Dropping Out: Why Young People Leave the Church
20-Somethings Cite Many Reasons for Disconnect
| 13991 hits
By Father John Flynn, LC
ROME, NOV. 25, 2011 (Zenit.org).- It's well-known that many young people stop being active Church-goers. A recent book examined extensive research carried out by the Barna Group to find out why so many drop out as they move into adulthood.
In "You Lost Me: Why Young Christians are Leaving the Church ... and Rethinking Faith," (Baker Books), David Kinnaman, along with Aly Hawkins, analyzed a wide range of statistical data.
As a preliminary, the book outlined three realities to keep in mind when looking at the situation of young people.
1. Churches do have an active engagement with teens, but many of the young people do not grow up to be faithful adult followers of Christ.
2. There are a variety of reasons people drop out, so it is important not to generalize about an entire generation.
3. Churches are not adequately preparing the next generation to follow Christ in the context of a rapidly changing culture.
The problem, Kinnaman explained, is not that teens are any less active in church than in previous times. In fact, around four out of five teens in America will spend a part of their childhood or teen years going to a Christian congregation or parish. What happens is that this activity fades away during their 20s.
For both Catholics and Protestants the age group of those in their 20s is the least likely to say that they are committed to Christ, in spite of their previous religious experience.
An even greater problem is the disconnect with the church. Even more than a struggle with their faith in Christ, young people cease their institutional participation.
An important factor influencing young people today is the cultural context in which they live. No other generation of Christians, he affirmed, has lived through so many profound and rapid cultural changes, Kinnaman argued.
During the last few decades there have been massive changes in the media, technology, sexuality and the economy. This has led to a much greater degree of complexity, fluidity and uncertainty in society.
Summing up these changes, Kinnaman used three concepts to describe them: access, alienation and authority.
Regarding access he pointed out that the emergence of the digital world has revolutionized the way in which young adults communicate with each other and obtain information. This has led to significant changes in the way in which the current generation relates, works and thinks.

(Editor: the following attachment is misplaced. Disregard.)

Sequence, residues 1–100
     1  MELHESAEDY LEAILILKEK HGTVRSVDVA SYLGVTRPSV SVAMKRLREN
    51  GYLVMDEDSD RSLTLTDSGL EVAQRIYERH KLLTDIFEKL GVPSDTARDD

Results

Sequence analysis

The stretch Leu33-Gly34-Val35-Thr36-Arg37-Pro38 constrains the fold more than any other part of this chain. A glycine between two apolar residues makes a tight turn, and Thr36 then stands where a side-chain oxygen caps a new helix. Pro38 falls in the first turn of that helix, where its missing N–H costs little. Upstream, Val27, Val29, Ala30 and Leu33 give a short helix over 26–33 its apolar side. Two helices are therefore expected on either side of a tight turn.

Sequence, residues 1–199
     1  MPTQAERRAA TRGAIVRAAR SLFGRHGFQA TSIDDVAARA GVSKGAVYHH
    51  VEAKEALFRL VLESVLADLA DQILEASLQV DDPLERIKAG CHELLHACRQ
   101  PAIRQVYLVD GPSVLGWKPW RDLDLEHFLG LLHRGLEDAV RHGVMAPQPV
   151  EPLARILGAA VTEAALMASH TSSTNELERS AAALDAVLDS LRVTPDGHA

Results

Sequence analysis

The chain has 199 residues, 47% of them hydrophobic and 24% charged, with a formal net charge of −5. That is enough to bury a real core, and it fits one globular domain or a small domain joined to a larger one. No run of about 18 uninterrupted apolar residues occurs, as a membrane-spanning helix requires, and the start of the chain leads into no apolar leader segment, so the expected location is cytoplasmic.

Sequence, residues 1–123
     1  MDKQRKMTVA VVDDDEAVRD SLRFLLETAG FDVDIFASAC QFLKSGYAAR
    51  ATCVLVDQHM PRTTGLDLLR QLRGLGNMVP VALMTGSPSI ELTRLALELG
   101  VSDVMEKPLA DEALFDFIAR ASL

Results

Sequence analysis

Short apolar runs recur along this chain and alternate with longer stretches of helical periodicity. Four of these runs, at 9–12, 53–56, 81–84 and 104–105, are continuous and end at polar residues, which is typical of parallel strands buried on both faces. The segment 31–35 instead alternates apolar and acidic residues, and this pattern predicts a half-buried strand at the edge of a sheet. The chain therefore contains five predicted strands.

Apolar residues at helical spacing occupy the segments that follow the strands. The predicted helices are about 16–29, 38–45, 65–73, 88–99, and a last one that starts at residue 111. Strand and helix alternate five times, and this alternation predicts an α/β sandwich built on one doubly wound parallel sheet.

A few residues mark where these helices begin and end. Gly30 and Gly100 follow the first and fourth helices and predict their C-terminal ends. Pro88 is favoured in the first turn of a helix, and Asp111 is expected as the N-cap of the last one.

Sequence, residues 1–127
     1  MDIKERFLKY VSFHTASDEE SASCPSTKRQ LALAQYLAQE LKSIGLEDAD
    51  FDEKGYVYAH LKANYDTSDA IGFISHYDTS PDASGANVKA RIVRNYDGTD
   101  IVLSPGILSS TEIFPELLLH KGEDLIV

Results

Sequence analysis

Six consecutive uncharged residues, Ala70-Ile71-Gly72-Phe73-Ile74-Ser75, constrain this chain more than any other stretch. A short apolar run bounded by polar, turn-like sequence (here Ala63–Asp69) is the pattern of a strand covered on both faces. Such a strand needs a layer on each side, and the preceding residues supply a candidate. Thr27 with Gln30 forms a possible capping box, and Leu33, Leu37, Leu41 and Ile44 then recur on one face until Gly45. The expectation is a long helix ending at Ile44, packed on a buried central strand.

This has a positive side, in that the Internet and digital tools have opened up immense opportunities to spread the Christian message. However, it also means there is more access to other cultural views and values and it invites people to question more their beliefs. There is also less emphasis on linear and logical thought.
Alienation, Kinnaman observed, means that many teens and young adults feel isolated from their families, communities and institutions. High levels of divorce and childbirth outside marriage mean many have grown up in non-traditional family structures.
Moreover, the transition to adulthood has stretched out, with marriage and parenthood being put off to a later age. Many churches do not have the pastoral solutions in place to effectively help those who are not following the traditional path to adulthood, according to Kinnaman.
In addition, many young adults today are skeptical about the institutions that in the past have shaped society. Grassroots networks and collaborative efforts are prized over hierarchical institutions.
This skepticism becomes then a distrust of authority, the third concept used by Kinnaman. A tendency to pluralism, and even holding conflicting ideas, takes precedence over acceptance of Scripture and moral norms.
A culture of questions can lead people to the truth, and tension between faith and culture can also have a positive outcome, but, Kinnaman noted, it requires new approaches by churches.
Kinnaman admitted that he expected to find one or two big reasons why young adults disconnect from their church. Instead, it turned out that there is a wide variety of frustrations that leads to people dropping out.
Some consider their church to be an obstacle to creativity and self-expression. Others become bored with superficial teachings and platitudes. A perceived incompatibility between faith and science leads others to drop out.
What some consider to be repressive rules, particularly regarding sexual morality, is another reason young people leave their church. The current cultural trends that emphasize tolerance and acceptance of other values and opinions clash with Christianity's claim to possess universal truths and is an obstacle to some.
Other young Christians say that their church does not allow them to express doubts and say that the church's response to the expression of doubts is not adequate.
Kinnaman also found that in many cases churches fail to instruct young people in a sufficiently profound manner. A shallow faith in teens and young adults leaves them with a list of vague beliefs and a disconnect between their faith and their daily lives. Consequently many young people consider Christianity as boring and irrelevant.
At the end of the book Kinnaman has some recommendations on how to stem the loss of so many young people. There needs to be a change in the way the older generations in churches relate to younger generations.
He also urged the rediscovery of the theological concept of vocation in order to encourage a deeper consideration by young people of what God is asking them to do with their lives.
Finally, we need to give wisdom priority over information. Wisdom, he explained, means the ability to relate rightly with God, to others, and to culture. Whatever the solutions might be, there is no doubting the urgency of dealing with this vital issue.